Last week we introduced the idea of Sales Enablement. While a relatively new and evolving concept, Sales Enablement is closely linked to Inbound Marketing, with an important distinction. As we know, Inbound Marketing uses great content to generate high quality leads. Sales Enablement is the next step in the process, designed to close the leads your brilliant content has worked so hard to create. To use a dessert analogy, if Inbound Marketing were the bowl of ice-cream, Sales Enablement is the sprinkles on top.
Interestingly though, many businesses fail to connect the two. A recent study by Qvidian revealed that 55% of Sales representatives have difficulty finding tailored selling content when they need it. An IDC study went further, finding that only 16% of sales reps were ‘extremely prepared’ for their initial meeting with qualified leads while 26% were ‘not prepared at all’.
In a time when marketers possess copious amount of information, content and product knowledge it seems strange that there is such a disconnect between the marketing and sales departments. It’s time for Inbound Marketing and Sales Enablement to align. Here’s how:
Better Define Your Lead Generation Goals
Marketing and Sales have to be on the same page. That means understanding the business’ goals, how many leads need to be generated each month, sales targets how much detail constitutes a lead.
HubSpot’s Alison Savery says that setting clear lead generation goals relies on understanding the broader aims of the business.
“First, meet with the management team at your company to determine your business' growth projections so you can understand how Marketing fits into this bigger picture,” she says. “So if your company is looking to grow by 5% in revenue in the following quarter, you’ll need to figure out how many leads or MQLs you’ll need to generate in order to close 5% more customers or revenue.”
“If you know what your marketing team can generate for new leads, and you also know your average lead-to-customer conversion rate, your business can actually predict future sales. And with closed-loop marketing in place, you can even track the revenue generated from the leads that were influenced by various channels or marketing events.”
Understand The Entire Buyer’s Journey, And Market Accordingly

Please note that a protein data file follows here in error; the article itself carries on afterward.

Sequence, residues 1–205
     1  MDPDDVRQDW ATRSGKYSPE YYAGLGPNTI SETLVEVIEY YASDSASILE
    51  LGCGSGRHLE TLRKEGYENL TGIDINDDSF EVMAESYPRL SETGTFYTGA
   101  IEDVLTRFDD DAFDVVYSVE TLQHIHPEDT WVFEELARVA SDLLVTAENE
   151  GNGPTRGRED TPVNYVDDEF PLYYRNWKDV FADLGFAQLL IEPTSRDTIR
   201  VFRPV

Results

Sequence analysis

The 4-step process of the Buyer’s Journey is well documented, but is it well understood across your business? It comes down to the simple reality that not all buyers are the same. The needs of a person who has just realised they need a new car will be different to a person who has already started comparing the Toyota Camry with the Ford Falcon. Marketing the same content to all prospective customers is asking to be ignored.
“To hone in on the conflicting needs of your audience, you have to consider the awareness, consideration, and decision stages of the marketing funnel,” says Forbes’ John Hall. “Prospects in the process of vetting potential solutions to a problem need vastly different information than those just identifying a need.”
“By creating content with the buyer’s journey in mind, you will simplify the writing process, establish new relationships, and help deepen those connections over time.”
Arming the sales team with the content that helps them connect with customers at various stages of the their buyer’s journey is crucial to guiding them through the sales process.
Create Content Relevant To Your Sales Team
The philosophy of this one is simple: equip your sales team with the right messages to take to the right leads at the right time in the buyer’s journey.
Sales Enablement Experts Accent agree, saying that content is crucial right throughout the buying cycle, both for customers and sales reps.
“Content marketing produces the qualified leads. Your sales team needs to continue leveraging this content (the content that caught their attention in the first place) with a dedicated content sales strategy,” they advise. “Because they’re closer to your leads than the marketing department, your reps are able to deliver content at a more personalised, targeted and segmented level. Tailor content for each buyer.”
But what kind of content should you create? That really depends on your business and what you’re selling. Ultimately however, you have the freedom to create any kind of content you feel will help your sales team close more leads. This can include:
- Case Studies
- Sales Scripts
- Product Sheets
- Competitor Comparisons
- Email Templates
- Website and Intranet Copy